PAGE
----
News Story

We could not be more excited to announce the programme for the 2023 International Festival, our 76th edition and Nicola Benedetti’s first year as Festival Director. Each year of Nicola’s programming will be framed by a central question or statement, and this year’s question is ‘Where do we go from here?’. Inspired by Martin Luther King Jr’s book of the same name, the programme is split into three themes: Community over chaos, Hope in the face of adversity and A perspective that’s not one’s own.

Community over chaos

The first theme of the 2023 programme is Community over chaos, inspired by individuals who have dedicated their lives to bringing communities together.

Our Opening Concert marks the Scottish premiere of Tan Dun’s Buddha Passion. Conducted by Dun himself, the performance brings together some of the best in Scottish classical music, with the Royal Scottish National Orchestra, their Youth Chorus and the Edinburgh Festival Chorus all joining forces. Also at the Usher Hall, the Budapest Festival Orchestra takes up the first residency of the Festival. The residency is dedicated to exploring how orchestras can share the joy of music in new and exciting ways. One of their concerts will be held with the audience seated on beanbags and the orchestra scattered amongst them for an immersive experience of Antonín Dvořák’s spectacular Eighth Symphony.

An audience sit on blue and orange beanbags with orchestra players seated on chairs amongst them and a conductor standing in the middle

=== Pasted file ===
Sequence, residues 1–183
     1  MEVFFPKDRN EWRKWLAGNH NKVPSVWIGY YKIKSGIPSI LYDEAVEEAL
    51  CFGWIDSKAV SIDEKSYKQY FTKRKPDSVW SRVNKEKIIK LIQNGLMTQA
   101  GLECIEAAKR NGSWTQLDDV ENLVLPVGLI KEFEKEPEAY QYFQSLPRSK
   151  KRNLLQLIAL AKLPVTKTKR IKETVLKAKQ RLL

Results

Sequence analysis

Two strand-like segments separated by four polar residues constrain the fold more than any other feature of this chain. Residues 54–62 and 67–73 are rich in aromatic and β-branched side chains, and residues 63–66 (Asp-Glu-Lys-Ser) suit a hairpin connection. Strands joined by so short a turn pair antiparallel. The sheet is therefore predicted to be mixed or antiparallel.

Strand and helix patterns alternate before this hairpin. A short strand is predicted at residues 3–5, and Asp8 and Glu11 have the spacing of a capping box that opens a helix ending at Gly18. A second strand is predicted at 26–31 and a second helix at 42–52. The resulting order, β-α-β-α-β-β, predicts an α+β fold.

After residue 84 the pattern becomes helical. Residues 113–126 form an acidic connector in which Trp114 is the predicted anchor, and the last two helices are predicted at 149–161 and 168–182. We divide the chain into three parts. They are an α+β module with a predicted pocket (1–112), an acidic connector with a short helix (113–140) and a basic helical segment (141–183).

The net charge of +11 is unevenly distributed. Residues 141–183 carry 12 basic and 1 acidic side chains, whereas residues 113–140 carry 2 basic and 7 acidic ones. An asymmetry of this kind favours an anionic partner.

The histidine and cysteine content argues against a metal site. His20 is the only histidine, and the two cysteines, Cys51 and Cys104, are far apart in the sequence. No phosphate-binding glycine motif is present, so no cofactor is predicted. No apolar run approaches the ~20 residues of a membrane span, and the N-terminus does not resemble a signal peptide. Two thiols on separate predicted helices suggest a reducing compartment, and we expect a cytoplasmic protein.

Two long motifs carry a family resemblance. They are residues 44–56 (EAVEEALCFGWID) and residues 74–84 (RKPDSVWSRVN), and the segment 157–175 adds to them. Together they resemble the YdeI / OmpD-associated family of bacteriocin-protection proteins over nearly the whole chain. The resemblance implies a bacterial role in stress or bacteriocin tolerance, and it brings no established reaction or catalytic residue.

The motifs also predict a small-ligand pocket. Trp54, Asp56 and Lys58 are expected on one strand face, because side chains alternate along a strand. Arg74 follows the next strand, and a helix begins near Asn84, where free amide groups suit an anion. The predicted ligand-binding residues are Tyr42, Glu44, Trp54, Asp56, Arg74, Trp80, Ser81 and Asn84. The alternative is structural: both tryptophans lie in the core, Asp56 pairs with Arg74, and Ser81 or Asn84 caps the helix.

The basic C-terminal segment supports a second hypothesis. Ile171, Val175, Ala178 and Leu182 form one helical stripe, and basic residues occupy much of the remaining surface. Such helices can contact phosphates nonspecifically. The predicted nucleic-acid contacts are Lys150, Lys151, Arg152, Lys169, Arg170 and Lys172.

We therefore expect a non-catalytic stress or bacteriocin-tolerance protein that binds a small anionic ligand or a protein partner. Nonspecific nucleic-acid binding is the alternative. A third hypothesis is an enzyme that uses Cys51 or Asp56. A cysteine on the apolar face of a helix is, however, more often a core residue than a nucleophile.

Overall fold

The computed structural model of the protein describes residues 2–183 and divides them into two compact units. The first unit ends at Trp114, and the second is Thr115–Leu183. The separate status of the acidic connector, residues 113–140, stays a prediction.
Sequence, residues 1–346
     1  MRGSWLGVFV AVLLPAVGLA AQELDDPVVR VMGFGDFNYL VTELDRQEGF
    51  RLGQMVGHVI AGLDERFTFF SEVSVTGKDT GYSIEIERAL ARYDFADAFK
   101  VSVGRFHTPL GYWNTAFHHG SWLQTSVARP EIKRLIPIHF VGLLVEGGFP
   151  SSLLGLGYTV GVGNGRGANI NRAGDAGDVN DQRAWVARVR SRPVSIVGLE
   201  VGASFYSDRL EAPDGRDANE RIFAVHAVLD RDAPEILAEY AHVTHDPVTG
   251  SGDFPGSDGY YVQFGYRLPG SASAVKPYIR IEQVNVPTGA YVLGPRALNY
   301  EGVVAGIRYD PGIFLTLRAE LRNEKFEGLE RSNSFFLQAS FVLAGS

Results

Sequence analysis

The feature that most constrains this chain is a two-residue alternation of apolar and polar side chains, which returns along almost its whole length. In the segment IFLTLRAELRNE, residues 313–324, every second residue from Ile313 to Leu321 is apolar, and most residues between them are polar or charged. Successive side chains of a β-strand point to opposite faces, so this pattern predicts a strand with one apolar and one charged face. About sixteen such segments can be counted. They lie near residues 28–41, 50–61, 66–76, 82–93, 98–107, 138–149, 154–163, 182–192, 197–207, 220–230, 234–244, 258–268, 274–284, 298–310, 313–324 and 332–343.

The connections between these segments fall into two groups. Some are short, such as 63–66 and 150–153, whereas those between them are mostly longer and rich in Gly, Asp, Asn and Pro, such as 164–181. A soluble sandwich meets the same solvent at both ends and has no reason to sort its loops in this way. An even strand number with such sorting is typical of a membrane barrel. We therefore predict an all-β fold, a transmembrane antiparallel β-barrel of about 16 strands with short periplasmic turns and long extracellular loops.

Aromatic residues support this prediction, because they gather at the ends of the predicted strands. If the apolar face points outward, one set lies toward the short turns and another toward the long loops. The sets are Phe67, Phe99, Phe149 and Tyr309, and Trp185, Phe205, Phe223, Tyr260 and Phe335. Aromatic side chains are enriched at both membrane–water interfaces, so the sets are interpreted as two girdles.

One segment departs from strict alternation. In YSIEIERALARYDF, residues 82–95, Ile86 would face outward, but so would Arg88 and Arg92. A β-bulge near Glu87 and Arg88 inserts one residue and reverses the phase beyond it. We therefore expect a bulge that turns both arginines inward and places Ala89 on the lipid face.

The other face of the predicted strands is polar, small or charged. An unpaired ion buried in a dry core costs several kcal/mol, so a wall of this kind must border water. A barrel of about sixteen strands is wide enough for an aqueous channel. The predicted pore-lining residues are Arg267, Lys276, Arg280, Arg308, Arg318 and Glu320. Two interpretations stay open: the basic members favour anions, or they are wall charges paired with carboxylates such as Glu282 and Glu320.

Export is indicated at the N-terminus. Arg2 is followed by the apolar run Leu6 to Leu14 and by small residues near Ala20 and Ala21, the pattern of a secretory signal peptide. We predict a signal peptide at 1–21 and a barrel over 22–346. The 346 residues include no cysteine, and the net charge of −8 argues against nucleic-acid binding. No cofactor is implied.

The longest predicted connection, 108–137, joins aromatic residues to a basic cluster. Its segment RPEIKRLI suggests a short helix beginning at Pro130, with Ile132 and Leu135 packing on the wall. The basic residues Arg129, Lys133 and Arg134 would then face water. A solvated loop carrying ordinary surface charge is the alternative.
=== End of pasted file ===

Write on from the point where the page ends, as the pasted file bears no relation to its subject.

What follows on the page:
Budapest Festival Orchestra

© Akos Stiller

In the intimate setting of The Queen’s Hall, the ever-enchanting Iestyn Davies joins the Jupiter Ensemble for a celebration of George Frideric Handel, with music exploring themes of love, jealousy and religious devotion. Award-winning pianist Sir András Schiff also takes to the stage, with a surprise programme to be announced from the stage of music selected and introduced by himself.

The Hub, home of the International Festival, houses our new music series this summer. First Night at The Hub brings Nicola Benedetti together with a range of artists from the opening weekend in an eclectic programme of music centred around community. There's also an evening dedicated to Scottish traditional music, with a 6pm performance by national treasures Aly Bain and Phil Cunningham followed by a later performance by the up-and-coming trad trio Project Smok.

Cécile McLorin Salvant brings her jazz song cycle Ogresse to the Festival Theatre, telling the story of a lovesick, ravenous monster who lives in a forest. Created by Salvant, the work draws inspiration from an eclectic range of female figures across time and cultures to create a timely and poignant narrative about racism, sexism, colonialism and power dynamics.

A woman standing against a fiery orange and yellow sky looks down at the camera. She's wearing a satin dress with puffed sleeves and holding her hands up and away from her.

Cécile McLorin Salvant

© Courtesy of the artist